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The Resource Center has all the info you'll need From content to user feedback, the resource center has the information you need for every level of the entrepreneurial process.
Many things can make you a better entrepreneur. But here's one that certainly helps: networking. So every week eMed is going to highlight some healthcare and life science entrepreneurs on twitter you should consider following. This is not an endorsement, but an encouragement. Entrepreneurship is better when everyone joins the conversation. So please join us by following @emedcommunity and participating on eMed at Entrepreneurship.org
Check out eMed's 6 to follow this week
There are some lessons that no amount of reading can teach an entrepreneur. Sometimes, you just have to learn by doing.
See who made the list on this week's 6 to follow in entrepreneurship
By 2015 there will be 500 million people under age 30 in China--roughly the population of the entire European Union. And they aren't idolizing Lei Feng, a devoted follower of Mao. They are looking to figures such as Bill Gates and Michael Dell, says Ge Dingkun, a professor of entrepreneurship at China Europe International Business School in Shanghai.
Young people, barely a generation removed from Chairman Mao's strict communism, are embracing entrepreneurship. The incomes of twenty-somethings in China grew 34% in the past three years, the largest growth of any age group, according to a survey by Credit Suisse. While large industries in China--such as banking, steel, telecommunications and electricity generation--are still essentially state-owned, a growing chunk of new wealth being created comes from the hard work and vision of scrappy upstarts.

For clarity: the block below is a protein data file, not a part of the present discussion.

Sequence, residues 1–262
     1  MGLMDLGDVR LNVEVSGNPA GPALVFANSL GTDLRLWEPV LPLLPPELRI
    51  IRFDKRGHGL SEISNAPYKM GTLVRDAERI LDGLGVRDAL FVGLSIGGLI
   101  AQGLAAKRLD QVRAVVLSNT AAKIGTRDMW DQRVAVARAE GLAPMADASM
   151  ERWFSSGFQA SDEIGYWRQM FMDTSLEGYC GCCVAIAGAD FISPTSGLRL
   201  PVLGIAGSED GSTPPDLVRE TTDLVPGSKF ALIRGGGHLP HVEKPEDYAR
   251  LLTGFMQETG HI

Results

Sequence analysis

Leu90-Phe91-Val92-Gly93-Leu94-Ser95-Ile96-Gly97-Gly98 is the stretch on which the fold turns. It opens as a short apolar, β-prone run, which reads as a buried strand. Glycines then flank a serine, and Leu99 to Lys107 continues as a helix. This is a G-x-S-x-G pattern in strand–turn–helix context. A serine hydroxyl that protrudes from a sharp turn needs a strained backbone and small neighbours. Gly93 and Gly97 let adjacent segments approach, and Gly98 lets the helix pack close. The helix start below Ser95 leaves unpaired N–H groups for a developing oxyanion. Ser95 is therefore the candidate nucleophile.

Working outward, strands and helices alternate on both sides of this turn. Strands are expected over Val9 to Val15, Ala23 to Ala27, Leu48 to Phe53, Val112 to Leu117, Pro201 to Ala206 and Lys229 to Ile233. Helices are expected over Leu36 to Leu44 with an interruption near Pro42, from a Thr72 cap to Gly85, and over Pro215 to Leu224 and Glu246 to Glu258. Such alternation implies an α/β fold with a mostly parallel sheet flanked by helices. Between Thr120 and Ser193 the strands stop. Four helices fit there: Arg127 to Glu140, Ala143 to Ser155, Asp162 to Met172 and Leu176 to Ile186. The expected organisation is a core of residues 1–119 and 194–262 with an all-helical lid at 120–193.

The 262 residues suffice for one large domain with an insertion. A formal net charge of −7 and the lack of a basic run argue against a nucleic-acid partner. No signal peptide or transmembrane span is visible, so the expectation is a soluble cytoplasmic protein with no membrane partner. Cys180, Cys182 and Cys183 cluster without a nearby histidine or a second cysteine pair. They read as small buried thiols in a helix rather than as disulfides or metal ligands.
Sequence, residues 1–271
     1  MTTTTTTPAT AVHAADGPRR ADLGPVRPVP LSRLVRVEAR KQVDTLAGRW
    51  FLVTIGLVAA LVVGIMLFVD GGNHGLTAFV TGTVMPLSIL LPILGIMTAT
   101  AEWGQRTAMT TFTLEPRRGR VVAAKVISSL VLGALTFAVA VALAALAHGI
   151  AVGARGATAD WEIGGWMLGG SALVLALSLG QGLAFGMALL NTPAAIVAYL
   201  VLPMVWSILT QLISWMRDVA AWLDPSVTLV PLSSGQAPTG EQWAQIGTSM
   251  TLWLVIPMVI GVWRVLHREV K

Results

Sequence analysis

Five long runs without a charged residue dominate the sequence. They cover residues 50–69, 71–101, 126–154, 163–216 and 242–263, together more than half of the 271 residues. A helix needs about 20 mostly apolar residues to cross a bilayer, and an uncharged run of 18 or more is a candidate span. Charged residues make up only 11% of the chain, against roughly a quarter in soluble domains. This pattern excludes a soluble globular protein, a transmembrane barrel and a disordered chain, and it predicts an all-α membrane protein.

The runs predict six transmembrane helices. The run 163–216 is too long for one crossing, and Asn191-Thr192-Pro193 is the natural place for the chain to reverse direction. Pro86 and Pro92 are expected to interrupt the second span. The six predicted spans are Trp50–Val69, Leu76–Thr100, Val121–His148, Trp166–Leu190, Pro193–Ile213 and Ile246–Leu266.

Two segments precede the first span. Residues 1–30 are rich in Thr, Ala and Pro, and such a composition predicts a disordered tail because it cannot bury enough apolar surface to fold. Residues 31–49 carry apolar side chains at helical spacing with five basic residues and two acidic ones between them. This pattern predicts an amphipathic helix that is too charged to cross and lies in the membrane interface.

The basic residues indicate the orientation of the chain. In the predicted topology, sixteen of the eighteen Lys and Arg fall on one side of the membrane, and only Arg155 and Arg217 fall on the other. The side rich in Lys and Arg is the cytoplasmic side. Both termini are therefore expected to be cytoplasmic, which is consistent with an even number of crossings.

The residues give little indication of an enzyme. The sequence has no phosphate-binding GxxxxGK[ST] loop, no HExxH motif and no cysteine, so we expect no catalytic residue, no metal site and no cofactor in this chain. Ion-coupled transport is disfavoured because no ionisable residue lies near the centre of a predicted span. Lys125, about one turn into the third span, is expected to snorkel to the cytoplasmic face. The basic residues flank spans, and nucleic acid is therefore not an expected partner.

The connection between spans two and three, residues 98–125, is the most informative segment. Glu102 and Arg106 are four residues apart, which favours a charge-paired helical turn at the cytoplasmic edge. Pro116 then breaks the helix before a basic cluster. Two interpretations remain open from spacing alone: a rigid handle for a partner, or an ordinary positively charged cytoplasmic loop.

The founder of a junk-removal franchiser advises seeking support and information from peers in small group networks sponsored by entrepreneurial peer organizations.
A strong knowledge of markets and values and knowing up front what you want to achieve are keys to successful negotiations. This entrepreneur tells the story of how the creative structuring of a unique deal became a success for all parties involved.
Entrepreneurs who outsource assignments must choose contractors who know their industry and specify what they expect from them, says the founder of a consultancy.
The devils plaguing entrepreneurs who outsource are indeed in the details. Getting it right involves sidestepping five common pitfalls and following five commonsense practices. Basic to a successful outsourcing relationship: Does everyone agree on what the deliverables will be?
The top team at The Supply Room Companies, Inc. discovered they could become more efficient and provide better service for customers by using an online proof-of-delivery system.
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